What began as a temporary visit has led to a permanent change of address. Previously on loan from the Johnson Collection, The Battle of Gettysburg: Repulse of Longstreet’s Assault, July 3, 1863 is now part of the Spartanburg County Public Libraries’ permanent collection, a gift from Susu and George Dean Johnson, Jr. On display since May 2016 in the Moseley Gallery at the downtown headquarters on Church Street, the panoramic painting records the dramatic sweep, as well as particular details, of the longest—and bloodiest—engagement of the American Civil War. The defeat of Confederate forces in the Pennsylvania countryside marked a critical turning point in the conflict’s outcome.
Measuring 20 feet in length and over 7 feet in height, the monumental canvas was acquired by the Johnson Collection in 2004. In an effort to increase its visibility and maximize its teaching potential, the library leadership and Johnson family initiated a public-private partnership in 2016 which resulted in the work’s relocation from a corporate headquarters to the Moseley Gallery. At its new—and now permanent—home, the painting is available to the Headquarters Library’s nearly 500,000 annual visitors. “Understanding our nation’s complex past is perhaps the best way to prepare for its future,” George Johnson noted. “America’s history belongs to its people, and by placing this remarkable document in public hands, we hope to ensure that the moments it records and the lessons it imparts are accessible to everyone.”
“The Libraries’ Board of Trustees and the Friends of the Spartanburg County Libraries are grateful and honored that the Johnson family, who have been long-time patrons of the Library, are entrusting us with The Battle of Gettysburg,” says Mary Speed Lynch, Chair of the Spartanburg County Public Libraries' Trustees. “This widely renowned and much celebrated work of art is an invaluable resource for scholars, art lovers, students and historians.”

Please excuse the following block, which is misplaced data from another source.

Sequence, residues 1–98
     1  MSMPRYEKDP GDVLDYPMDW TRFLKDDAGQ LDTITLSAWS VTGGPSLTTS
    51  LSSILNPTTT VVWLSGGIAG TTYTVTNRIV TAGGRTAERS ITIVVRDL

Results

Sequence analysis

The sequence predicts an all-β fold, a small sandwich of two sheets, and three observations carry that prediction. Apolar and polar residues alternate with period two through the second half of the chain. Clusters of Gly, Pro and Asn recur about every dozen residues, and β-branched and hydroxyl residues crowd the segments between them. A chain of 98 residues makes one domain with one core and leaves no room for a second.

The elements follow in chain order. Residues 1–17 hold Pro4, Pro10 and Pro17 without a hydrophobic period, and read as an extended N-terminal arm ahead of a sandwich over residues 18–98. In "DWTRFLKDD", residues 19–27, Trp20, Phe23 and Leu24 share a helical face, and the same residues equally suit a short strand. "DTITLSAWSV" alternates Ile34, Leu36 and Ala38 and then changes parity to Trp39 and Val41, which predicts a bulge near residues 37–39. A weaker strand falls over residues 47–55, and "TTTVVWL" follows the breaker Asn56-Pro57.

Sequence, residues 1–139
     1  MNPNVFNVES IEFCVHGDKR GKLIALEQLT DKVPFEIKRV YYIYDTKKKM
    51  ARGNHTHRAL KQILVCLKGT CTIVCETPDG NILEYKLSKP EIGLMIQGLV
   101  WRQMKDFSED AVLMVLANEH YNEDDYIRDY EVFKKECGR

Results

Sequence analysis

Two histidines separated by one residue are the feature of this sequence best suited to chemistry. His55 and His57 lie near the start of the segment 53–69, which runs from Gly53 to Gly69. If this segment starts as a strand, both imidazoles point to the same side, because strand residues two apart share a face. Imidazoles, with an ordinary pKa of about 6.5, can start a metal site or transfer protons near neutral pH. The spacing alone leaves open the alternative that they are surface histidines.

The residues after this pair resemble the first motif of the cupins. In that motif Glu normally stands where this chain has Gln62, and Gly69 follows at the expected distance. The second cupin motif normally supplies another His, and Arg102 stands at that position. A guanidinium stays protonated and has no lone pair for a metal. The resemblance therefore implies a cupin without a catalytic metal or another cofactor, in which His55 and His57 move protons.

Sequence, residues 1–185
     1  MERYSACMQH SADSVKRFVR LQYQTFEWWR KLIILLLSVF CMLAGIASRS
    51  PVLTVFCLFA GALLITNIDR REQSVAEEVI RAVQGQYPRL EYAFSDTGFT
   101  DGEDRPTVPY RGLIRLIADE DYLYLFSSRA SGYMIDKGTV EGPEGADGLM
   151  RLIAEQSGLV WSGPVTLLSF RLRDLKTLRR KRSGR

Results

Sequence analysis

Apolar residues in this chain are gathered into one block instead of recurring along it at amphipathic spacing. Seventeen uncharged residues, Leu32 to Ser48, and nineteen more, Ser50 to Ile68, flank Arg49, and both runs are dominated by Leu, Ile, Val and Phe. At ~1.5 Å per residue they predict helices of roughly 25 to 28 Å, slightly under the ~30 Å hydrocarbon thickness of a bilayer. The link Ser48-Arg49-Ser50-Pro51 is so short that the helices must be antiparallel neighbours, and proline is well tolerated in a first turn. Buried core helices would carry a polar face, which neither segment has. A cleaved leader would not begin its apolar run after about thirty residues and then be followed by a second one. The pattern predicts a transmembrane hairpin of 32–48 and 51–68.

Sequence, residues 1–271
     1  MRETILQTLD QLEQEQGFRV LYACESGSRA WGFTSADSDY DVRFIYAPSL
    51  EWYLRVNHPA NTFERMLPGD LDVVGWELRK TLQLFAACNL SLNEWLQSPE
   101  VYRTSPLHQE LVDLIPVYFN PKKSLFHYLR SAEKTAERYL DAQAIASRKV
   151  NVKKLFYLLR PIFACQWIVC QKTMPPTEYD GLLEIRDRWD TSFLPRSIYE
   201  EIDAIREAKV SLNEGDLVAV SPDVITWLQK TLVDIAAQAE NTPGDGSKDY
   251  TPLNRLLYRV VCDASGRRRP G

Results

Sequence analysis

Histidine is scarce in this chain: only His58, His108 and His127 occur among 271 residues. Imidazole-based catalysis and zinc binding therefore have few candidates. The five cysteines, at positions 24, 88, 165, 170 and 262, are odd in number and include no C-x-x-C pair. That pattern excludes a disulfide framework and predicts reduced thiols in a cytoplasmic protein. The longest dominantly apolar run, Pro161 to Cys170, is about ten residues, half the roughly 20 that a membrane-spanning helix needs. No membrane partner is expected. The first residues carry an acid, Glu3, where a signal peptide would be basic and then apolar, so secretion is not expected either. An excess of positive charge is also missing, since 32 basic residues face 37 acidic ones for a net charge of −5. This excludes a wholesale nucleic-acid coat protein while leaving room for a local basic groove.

The Battle of Gettysburg was executed by James Walker (1819-1889), an English immigrant who earned accolades as a painter of battle scenes during the Mexican War, skills he later put to use making sketches of key Civil War conflicts. After the war, Walker began to collaborate with John Badger Bachelder (1825-1894), a photographer and topographic artist who had been attached to the Union army as an illustrator. In the immediate aftermath of the 1863 conflict, Bachelder began an on-site study of the scene and the principals involved. The resulting isometric map led to Walker’s commission to create a massive painting that details the battle’s particulars. Completed in 1870, Walker’s grand canvas captures the dramatic conclusion of the three-day battle, which marked a turning point in the war’s tide. Bachelder’s meticulous research and Walker’s precise technical skill combined to produce an epic visual record of the event, including regimental positions, combat vignettes, Union and Confederate soldiers, noble steeds, victory, and defeat.
Both casual and serious students of nineteenth century history will find a wealth of information in The Battle of Gettysburg’s presentation. The monumentality of the painting allows the viewer to become immersed in the scene, yet the detailed vignettes such as Confederate General Armistead handing an aide his pocket watch to give to Union General Hancock, provide a spotlight focus that makes the painting more tangible and accessible.
A series of short videos offer background on the painting's creation and history, the significance of the Battle of Gettysburg in the American Civil War narrative, and the work's 2016 relocation to the Spartanburg County Public Libraries' Headquarters.